Spencer Schultz, Jenna, Vespi, Ali Durkin, and Jillian Risavi
Editor-in-Chief and Producers
On Nov. 16, the threat of a school shooting hit home for Jamesville-DeWitt High School students. During first period, a student discovered suggestive graffiti written in the girls’ red hall bathroom insinuating that a student planned to act violently during the school day on Friday, Nov. 17. That student told the administration. “The first thing I did was call 911,” says Principal Paul Gasparini.
He then issued a “Shelter In Place” warning over the loudspeaker until the situation was thoroughly investigated by DeWitt police. “We were not afraid there was going to be a problem in the hallway. But the reason we issued the shelter in place is because we did not want any students interfering with the police,” says Mr. Gasparini.
After the DeWitt police concluded their investigation on Thursday, which included examinations of the other bathrooms and discussions with students, several officers were stationed in school on Friday, Nov. 17 to assure that the school was safe.
Despite these added precautions, approximately 450 students were absent from school that Friday. Many felt unsafe due to the threat, and several students took to Twitter to express their beliefs on the issue.
— maya (@mayafrieden) November 16, 2017
When there is threatening note in a bathroom get the students out of the school, not shelter in place
— Lennier Stynes (@LennierStynes) November 16, 2017
To all JDHS students. If there is a school shooting, follow the normal protocol. If they get into your room distract them to give th…
— Lennier Stynes (@LennierStynes) November 17, 2017
dont go to school tomorrow. this threat hasnt been taken seriously and its not okay. be safe. stay home
— Will Upton (@wupton109) November 16, 2017
just a thought…. pic.twitter.com/LAKWS8SkMw
— Danielle Jaffe (@DanielleJaffe2) November 16, 2017
This event brought into question J-DHS’s readiness to deal with students or people who may try to inflict harm upon the school.
According to a DeWitt police officer stationed in school on Nov. 17, J-D is the only public high school in the area without a Student Resource Officer. But this doesn’t indicate we are safer than any other school. Rather, we (the editors) believe the situation on Nov. 16 should convince administration that we are just as vulnerable as any other school.
SROs serve to maintain the school’s safety and provide students with an additional outlet during times of distress and danger. The conversation over J-D having an SRO has arisen in the past, but the J-D Board of Education has neglected to consider an SRO because of the negative connotation it may create, says Mr. Gasparini. The Board of Education in the past has felt that having an armed officer would create a negative climate in the school.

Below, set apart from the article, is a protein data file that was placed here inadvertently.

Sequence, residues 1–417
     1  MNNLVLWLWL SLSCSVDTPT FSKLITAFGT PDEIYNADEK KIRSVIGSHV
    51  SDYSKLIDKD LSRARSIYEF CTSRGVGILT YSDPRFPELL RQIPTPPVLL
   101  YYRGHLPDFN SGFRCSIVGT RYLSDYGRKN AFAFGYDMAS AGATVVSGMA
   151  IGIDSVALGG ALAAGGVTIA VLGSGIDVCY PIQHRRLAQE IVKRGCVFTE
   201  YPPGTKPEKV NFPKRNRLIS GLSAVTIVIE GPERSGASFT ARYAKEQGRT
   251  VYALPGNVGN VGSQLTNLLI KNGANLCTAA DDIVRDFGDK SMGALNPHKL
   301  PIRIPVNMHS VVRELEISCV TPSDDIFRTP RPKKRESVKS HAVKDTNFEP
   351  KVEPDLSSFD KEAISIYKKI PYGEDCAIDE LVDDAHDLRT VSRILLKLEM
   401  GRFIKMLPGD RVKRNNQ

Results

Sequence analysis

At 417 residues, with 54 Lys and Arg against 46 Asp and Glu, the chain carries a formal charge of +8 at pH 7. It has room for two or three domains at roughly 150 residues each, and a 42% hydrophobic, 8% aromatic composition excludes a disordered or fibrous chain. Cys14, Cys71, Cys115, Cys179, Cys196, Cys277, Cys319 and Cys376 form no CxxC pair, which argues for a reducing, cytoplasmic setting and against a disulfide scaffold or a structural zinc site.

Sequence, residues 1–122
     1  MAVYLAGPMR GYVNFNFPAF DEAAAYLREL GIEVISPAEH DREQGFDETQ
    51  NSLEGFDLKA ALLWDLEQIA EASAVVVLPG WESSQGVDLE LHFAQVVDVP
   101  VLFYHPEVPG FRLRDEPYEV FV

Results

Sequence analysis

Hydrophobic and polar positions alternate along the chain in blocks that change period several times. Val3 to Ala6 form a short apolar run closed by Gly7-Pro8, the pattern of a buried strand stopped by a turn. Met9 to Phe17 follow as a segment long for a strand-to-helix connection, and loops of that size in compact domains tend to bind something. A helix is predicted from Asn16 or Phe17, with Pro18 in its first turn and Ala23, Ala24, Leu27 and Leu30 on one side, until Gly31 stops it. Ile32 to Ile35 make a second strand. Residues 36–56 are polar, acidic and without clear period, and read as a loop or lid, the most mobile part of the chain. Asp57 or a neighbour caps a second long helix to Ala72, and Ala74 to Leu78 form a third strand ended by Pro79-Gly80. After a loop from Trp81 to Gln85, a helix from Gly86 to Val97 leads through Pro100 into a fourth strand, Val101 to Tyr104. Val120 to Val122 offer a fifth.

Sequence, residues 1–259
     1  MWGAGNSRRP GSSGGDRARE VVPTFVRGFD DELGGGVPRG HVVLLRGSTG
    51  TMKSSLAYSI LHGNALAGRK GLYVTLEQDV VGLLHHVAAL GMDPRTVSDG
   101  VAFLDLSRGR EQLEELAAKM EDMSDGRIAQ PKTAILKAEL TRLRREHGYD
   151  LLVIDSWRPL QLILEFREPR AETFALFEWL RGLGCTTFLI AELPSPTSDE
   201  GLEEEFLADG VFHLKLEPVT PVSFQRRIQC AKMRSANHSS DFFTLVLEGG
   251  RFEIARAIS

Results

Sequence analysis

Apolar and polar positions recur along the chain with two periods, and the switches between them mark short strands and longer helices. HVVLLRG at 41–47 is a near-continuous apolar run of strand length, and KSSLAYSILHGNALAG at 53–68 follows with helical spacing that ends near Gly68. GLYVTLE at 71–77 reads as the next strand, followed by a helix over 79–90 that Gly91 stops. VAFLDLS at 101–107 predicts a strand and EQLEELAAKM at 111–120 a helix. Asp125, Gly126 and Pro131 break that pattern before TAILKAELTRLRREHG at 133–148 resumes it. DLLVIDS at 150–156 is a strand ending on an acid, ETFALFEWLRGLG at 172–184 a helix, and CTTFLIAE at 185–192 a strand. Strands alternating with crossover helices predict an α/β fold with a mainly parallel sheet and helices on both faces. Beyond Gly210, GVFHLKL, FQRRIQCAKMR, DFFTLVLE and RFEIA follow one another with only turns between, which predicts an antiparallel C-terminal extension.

Mr. Gasparini himself also questions the need for an SRO. “If you go through our halls at any given time, they’re quiet. There’s not a lot going on,” says Mr. Gasparini. He also cited the “great rapport” that assistant principals Will Dowdell and Dave Nylen have with students and our hall monitor.
Nevertheless, English teacher Kristin Gallivan emphasized her feelings that an SRO would create a more secure school environment. Though the school board felt that an SRO at J-D would send the wrong message, Gallivan says Fayetteville-Manlius was able to successfully implement an officer while still maintaining a positive atmosphere. “We would be able to look to an SRO as a person to talk to, as someone who students can go to in times of threat,” says Mrs. Gallivan, who is an F-M alumna.
Although J-DHS does have two security cameras that are monitored by Attendance Secretary Pam Breck, not all of the cameras are known to be fully-functioning. Unlike other high schools in the area, J-D currently does not have any security footage of inside the school which, if installed, would have been able to identify whoever wrote the suggestive graffitti.
Administration is currently discussing the “expansion of our surveillance footprint,” says Mr. Gasparini. As a principal, Mr. Gasparini says safety is his primary concern. “It’s why we’re in the halls. It’s why we interact with students as much as we can,” he says.
Still, Mr. Gasparini realizes there is a “fine line” between protection and over-surveillance. “That’s the conversation we’re having right now. We’re going to add more security cameras, but it’s a discussion of how we add them, where we add them, how many we add, and how they will be monitored.”